It is not uncommon for employers and employees to execute Non-Disclosure Agreements (NDAs) to govern the employment relationship following its conclusion.  To wit, one of the major presidential candidates made all campaign employees (and volunteers but that is a whole other can of worms) sign an NDA that governs all information of a “private, proprietary or confidential nature or that (the candidate) insists remain private or confidential.”  The NDA in question further prohibits former employees from making negative comments regarding the candidate or family members…in perpetuity.  It’s worth noting that the other major candidate also has asked campaign employees to execute an NDA, though the substance of it remains undisclosed.

Compensation on the Whisper

When executing NDAs with employees, be it at the end of the employment relationship or as part of a restrictive covenant at some earlier point, it’s important to do keep the scope reasonable so as not to be judicially struck later.  Here are some simple rules that were not followed above:

  1. Identify with specificity the information that must be kept private and confidential. Simply saying “confidential information” is a recipe for failure on this front, as the ambiguity as to what information is “confidential” will be read against the employer.
  2. Put a time frame on the responsibility. While it is not per se impossible to have an agreement enforced in perpetuity, the path of least resistance is put a time frame on the responsibility that bears some relationship to legitimate business necessity.
  3. Restrict Nondisparagement to Reasonable Topics. While nondisparagement clauses, the legal cousin of NDAs, are valid, they similarly need to be narrowed in scope to include only information for which there is a legitimate business purpose.

While keeping your corporate information in-house is a compelling aim, understand that there is no fool-proof way to keep information under wraps.  But adhering to simple rules of the road will help make sure that What Happens At Work, Stays at Work.

As my colleague Christina Stoneburner wrote earlier in the week, we aren’t even through summer 2016, yet the number of new employment laws and regulations enacted that employers must contend with are already piling up.  Massachusetts recently joined the fray, with Governor Baker signing into law earlier this month S.2119 (effective January 1, 2018), which addresses pay equity discrimination based on gender.  Notably, the new pay equity legislation reiterates what Massachusetts and federal law have long stated: pay disparities based on gender are unlawful.  However, this new law goes further, is more employee-friendly than ever, and specifically addresses neutral conduct that arguably affects gender pay equality.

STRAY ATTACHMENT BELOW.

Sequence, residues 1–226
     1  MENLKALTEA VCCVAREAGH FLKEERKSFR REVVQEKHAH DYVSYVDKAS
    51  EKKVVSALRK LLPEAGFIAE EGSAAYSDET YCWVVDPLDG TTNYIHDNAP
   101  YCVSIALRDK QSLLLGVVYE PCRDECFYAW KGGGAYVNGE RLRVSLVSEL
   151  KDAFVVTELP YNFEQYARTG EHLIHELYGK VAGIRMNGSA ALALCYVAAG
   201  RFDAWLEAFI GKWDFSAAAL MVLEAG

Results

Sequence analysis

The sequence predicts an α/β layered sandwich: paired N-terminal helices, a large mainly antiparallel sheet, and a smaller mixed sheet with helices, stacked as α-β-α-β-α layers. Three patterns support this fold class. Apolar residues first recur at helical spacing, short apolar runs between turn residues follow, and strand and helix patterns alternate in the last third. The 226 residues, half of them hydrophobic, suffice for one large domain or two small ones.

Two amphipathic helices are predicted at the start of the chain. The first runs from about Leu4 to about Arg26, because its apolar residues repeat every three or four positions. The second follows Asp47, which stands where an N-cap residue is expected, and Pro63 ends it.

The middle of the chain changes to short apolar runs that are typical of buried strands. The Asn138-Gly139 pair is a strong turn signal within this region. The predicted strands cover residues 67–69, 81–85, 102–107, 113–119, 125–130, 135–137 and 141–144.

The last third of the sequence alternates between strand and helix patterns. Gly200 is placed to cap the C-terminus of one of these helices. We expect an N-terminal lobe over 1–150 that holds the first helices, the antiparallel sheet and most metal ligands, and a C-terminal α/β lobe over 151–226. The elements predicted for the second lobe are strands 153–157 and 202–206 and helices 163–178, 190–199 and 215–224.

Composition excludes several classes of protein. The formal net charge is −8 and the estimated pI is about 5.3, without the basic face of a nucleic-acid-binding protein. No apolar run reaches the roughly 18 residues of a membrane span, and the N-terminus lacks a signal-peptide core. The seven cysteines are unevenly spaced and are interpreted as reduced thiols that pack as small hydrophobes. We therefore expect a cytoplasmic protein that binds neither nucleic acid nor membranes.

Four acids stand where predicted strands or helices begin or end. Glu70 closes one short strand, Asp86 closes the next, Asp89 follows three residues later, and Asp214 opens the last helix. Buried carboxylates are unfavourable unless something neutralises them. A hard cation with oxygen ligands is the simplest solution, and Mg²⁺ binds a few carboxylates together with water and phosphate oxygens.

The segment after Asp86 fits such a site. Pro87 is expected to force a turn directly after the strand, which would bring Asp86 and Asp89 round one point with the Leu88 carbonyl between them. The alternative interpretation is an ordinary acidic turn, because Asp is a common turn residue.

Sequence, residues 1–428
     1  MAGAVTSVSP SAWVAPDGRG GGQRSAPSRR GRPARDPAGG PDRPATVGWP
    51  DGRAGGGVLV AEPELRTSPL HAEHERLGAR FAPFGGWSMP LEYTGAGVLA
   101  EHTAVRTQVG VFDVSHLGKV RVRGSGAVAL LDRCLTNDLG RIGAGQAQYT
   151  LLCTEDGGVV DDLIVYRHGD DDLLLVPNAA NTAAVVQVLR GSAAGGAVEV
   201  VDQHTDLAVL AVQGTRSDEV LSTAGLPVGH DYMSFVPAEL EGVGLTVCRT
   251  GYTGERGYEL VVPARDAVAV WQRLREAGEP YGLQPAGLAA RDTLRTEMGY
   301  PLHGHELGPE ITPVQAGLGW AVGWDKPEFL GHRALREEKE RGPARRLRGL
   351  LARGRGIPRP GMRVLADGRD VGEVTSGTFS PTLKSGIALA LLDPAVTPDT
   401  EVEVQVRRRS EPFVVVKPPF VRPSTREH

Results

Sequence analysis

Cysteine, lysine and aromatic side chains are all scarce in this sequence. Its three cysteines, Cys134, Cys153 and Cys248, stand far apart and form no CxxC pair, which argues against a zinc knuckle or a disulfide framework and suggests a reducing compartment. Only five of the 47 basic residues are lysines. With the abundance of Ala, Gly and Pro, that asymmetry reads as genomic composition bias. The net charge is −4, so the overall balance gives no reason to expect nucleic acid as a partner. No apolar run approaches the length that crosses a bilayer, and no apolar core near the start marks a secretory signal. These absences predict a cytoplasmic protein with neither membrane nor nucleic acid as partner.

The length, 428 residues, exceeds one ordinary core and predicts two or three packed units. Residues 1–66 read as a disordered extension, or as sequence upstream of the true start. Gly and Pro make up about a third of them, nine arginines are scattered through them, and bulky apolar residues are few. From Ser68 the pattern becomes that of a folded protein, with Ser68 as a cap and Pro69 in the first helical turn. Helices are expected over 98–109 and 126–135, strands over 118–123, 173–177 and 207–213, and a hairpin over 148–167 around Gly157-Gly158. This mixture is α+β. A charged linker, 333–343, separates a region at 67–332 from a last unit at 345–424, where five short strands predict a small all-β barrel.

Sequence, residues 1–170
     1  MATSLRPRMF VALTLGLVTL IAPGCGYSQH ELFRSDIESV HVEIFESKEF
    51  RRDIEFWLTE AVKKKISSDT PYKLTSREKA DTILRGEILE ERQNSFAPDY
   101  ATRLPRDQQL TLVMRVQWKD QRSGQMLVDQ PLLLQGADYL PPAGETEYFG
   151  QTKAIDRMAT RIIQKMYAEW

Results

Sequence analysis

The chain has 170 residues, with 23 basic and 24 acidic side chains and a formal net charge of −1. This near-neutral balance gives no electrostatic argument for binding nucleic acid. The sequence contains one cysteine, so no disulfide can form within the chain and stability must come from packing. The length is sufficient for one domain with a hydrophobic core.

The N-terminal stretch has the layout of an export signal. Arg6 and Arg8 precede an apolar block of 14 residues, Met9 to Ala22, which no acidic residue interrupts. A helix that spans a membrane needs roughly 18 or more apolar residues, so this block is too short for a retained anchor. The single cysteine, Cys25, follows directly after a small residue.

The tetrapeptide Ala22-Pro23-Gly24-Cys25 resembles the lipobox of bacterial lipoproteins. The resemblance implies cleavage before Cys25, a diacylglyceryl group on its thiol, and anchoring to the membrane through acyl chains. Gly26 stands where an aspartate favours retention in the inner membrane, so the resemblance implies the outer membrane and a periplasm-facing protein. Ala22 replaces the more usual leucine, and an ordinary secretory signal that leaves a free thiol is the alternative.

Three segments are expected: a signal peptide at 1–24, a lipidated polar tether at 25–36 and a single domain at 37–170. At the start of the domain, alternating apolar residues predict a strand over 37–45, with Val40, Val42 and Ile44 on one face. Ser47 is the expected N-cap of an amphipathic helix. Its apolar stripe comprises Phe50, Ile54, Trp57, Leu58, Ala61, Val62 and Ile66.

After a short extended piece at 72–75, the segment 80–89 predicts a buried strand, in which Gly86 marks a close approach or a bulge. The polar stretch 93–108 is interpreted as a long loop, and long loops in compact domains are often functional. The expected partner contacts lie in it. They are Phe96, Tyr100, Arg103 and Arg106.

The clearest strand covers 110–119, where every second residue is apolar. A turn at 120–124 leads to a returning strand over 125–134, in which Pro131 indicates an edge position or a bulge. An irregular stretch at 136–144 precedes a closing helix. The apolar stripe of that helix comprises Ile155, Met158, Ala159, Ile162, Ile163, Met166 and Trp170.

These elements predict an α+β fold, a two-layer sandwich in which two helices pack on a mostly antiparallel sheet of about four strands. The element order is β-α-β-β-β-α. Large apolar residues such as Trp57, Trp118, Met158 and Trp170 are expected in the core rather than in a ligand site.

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One unique and notable component of the new law is a first-of-its-kind “ban the box” type prohibition that makes it unlawful to inquire regarding the prior salary history of prospective employees (similar to the prohibition of criminal conviction questions that many jurisdictions have recently adopted). Questions about prior salaries are extremely common and can be found on most employment applications.  However, this practice must now be eliminated in Massachusetts.  The intent of the legislature is to root out historic pay discrimination by forcing pay decisions to be made based on the job and not prior salaries.  The law prohibits, any time prior to making an offer of employment (with salary offer), either directly requesting prior salary information from the prospective employee and/or his or her former employers, or indirectly researching the same.  Moreover, employees cannot be prohibited from discussing their wages amongst themselves (although such policies are already prohibited by current interpretations of the National Labor Relations Act).

In addition, the law reiterates that actual pay differences based on gender are expressly prohibited where employees are engaged in “comparable work,” which is defined as any job(s) (regardless of titles) that require “substantially similar skill, effort and responsibility . . . under similar working conditions.”  Moreover, the law clearly delineates the few bona fide non-discriminatory reasons allowed for neutral pay policies, namely: (i) seniority pay systems, (ii) merit pay systems, (iii) production or sales quality/quantity pay systems, (iv) geographic differences, (v) job relevant education, training, and/or experience, and (vi) job related travel.  Lastly, the statute contains an anti-retaliation provision that prohibits taking retaliatory action against employees or applicants that oppose practices prohibited by the law.